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I Fear For You Felix

Felix Pie carries himself well. He has a self confident swagger that transcends his occupation. If you saw Felix ordering a French Cruller and coffee at the local Dunkin Donuts your first thought would be “whatever that man does for a living I’m certain he does it damn well!”

Felix ordering a quick breakfast at DD-

• Felix wouldn’t fumble for change when the cashier rings up his order, Felix would have crisp bills ready for the offering before its totaled

• Felix would pronounce Cappuccino properly

• Felix knows what he wants to order as soon as he enters the store, but he waits for the cashier to ask because he’s urgent but not rushed

• Felix’s coffee never spills, however, if you happened to be standing next to Felix and you spilled some on yourself, Felix would instantaneously whisk his hands across the stain, absorbing the liquid with his fingertips, cleansing the fabric with his palms then flicking his hands with such meteoric speed that the coffee absorbed in his fingertips vaporizes into a fragrant brown mist and floats away. Usually before you even notice that the level of coffee in your cup has dropped. The man is quick……., and courteous.

It’s fair to say that I am pretty excited about the Felix Pie era.
He plays center field like a bird of prey; he doesn’t catch those shots to the gap so much as swoop in and attack them. You can literally feel his energy in center as he waits for that looping liner to short right that has web gem written all over it.

His base running is hypnotic. He as has efficient swiftness about him where his legs just glide in perfect knee pumping symmetry with his arms in rhythm while his torso stays still. He doesn’t just run fast, he runs cool!

He throws the ball like nobody I’ve ever seen. He’s got a little bit of Andre Dawson in his throws; the way the ball pays no attention to gravity and travels in a flawless Euclidean line to its intended target. But Dawson’s throws always had a shotgun ‘pop’ to them, he’d rear back, there’d be a pause,‘click,’ then the ball would explode out of his arm. Felix’s ball moves more as a magnetic pulse, there’s no click and bang, his throws don’t even make a sound, they circumvent the air molecules by spontaneous vacuum and reach their destination with UFO like speed and ease. His throws aren’t just the stuff of Cooperstown they’re the basis for Nobel prizes.

His hitting…… (No grandiose praise, not yet)

I can’t remember a Cub's player I was this excited about since Mark Prior….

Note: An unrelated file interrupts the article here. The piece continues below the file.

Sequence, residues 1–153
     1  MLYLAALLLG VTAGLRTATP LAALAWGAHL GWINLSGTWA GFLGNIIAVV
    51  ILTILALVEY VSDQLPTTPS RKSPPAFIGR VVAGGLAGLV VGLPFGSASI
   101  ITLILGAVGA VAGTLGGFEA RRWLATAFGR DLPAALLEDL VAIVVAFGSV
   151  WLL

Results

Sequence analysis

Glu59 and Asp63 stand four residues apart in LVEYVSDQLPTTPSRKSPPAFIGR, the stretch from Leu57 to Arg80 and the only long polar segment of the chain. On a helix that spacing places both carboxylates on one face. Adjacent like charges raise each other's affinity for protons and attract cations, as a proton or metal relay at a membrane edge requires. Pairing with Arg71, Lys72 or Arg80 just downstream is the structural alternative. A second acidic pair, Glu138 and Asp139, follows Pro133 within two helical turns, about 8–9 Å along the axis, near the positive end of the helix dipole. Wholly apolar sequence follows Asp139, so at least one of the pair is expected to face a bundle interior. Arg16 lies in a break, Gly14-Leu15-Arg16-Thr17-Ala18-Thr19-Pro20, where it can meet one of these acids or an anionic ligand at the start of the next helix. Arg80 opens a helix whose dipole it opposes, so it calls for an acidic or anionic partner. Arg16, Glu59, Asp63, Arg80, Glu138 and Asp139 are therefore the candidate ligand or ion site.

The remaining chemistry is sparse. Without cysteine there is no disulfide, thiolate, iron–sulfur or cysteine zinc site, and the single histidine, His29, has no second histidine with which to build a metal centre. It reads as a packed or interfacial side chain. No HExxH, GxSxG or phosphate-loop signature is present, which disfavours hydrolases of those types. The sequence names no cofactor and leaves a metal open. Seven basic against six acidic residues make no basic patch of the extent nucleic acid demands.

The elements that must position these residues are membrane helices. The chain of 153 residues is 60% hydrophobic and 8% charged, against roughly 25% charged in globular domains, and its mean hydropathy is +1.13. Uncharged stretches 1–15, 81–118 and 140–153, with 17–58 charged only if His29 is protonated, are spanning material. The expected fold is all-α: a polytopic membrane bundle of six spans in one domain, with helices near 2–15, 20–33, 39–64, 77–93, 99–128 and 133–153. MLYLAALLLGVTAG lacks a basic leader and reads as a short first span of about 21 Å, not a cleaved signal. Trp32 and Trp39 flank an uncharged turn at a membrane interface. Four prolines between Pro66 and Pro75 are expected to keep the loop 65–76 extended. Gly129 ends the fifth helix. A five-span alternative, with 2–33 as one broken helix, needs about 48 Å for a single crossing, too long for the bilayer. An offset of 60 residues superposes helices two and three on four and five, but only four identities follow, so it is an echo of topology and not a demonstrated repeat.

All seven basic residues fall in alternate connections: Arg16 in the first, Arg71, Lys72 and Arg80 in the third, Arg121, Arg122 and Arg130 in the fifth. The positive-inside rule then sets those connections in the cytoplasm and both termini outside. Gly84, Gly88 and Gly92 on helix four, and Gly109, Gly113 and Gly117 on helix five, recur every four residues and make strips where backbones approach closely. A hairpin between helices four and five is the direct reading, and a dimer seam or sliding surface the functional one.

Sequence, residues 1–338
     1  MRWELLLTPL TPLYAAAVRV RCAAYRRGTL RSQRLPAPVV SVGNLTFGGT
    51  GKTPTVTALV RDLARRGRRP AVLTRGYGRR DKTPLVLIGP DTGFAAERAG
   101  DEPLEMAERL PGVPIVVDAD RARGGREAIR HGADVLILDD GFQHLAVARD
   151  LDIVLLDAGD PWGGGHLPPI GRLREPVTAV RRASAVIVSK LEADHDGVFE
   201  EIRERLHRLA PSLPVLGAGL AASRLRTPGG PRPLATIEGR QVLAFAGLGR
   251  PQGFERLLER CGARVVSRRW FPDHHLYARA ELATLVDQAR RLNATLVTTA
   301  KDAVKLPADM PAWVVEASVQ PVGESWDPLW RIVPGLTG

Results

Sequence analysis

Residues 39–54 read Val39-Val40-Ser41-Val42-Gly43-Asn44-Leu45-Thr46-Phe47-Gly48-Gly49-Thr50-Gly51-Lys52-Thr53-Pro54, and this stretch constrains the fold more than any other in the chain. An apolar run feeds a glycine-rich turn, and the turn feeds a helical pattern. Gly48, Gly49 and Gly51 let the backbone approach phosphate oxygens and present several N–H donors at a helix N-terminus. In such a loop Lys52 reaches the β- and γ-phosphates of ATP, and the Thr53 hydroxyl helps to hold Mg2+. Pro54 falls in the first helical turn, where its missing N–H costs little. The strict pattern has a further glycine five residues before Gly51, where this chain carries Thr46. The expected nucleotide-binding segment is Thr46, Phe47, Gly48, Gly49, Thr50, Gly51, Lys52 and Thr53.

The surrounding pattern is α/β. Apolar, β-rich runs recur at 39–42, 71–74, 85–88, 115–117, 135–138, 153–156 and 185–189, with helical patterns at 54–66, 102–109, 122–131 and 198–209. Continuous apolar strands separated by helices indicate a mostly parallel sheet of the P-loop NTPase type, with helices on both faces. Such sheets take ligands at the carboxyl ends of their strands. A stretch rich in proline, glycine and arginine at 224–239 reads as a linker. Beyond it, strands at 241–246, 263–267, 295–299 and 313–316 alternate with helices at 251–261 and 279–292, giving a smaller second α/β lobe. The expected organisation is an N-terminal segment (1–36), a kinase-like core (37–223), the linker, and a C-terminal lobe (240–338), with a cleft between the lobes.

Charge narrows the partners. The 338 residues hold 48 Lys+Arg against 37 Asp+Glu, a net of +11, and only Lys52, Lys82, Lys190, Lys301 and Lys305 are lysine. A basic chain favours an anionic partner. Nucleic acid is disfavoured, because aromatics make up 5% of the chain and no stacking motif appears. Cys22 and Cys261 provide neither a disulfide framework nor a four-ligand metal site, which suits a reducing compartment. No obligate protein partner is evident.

(No Cubs fan can read that last sentence without a pang of regret, the hurt of expectations that seemed really, really reasonable at the time.)

It wasn’t so long ago that Mark Prior drew a similar brand of evocative adoration. The ease and precision with which he went about dispatching sluggers. The command, the confidence, the magnificent future we projected onto him.

It’s all gone now. The Prior dream wasn’t extinguished quickly, it was a long drawn out affair that slowly eroded any comeback optimism that might have lurked in a quiet corner of your blue blooded heart. The news this spring that he was staying in Arizona for the start of the season raised few eye brows. It was the same old story. The news that he was slated for season ending shoulder surgery without making pitch number 1 for the 2007 cubs only hurt because it came on the heels of a 5-11 home stand and reinforces a very common strain of persecution complex amongst cubs fans across the globe.

Are all of our franchise saviors destined for tragedy? I.e. Is Felix doomed?

Is he going be a bust like the much hyped Gary Scott?

Is he going to spark our imaginations for a year and then flame out beyond recognition like Jerome Walton?

Will he make a multi season ascent to every day player and then show a half season of all-star potential like Corey Patterson only to injure his knee and return the next season to swing at every high fastball and become such a petulant head case that even mentioning his name to any Cubs fan brings about a cursing rage that lasts into at least 3 innings.

Does it have to be this way?

The thing you have to understand, no, the thing you have to believe, is that it isn’t this way. Everybody brings up the Jerome Walton’s and the Corey Patterson’s when they talk about rookie call ups with oodles potential. Nobody ever brings up Mark Grace, Greg Maddux, or Carlos Zambrano.

It’s easier to remember the failures because pain and failure has a sticking quality that steady success doesn’t seem to have. But don’t put your baggage on Felix! There is no curse, no hex, and no tendon snapping paint in the Cubs clubhouse. Felix’s baseball career with the Cubs will rise and fall based on actions and skills totally (mostly) unrelated to the futile history of the Cubs.

But I’m human, and I can’t help but to fear for you Felix


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This page contains a single entry from the blog posted on May 9, 2007 12:33 AM.

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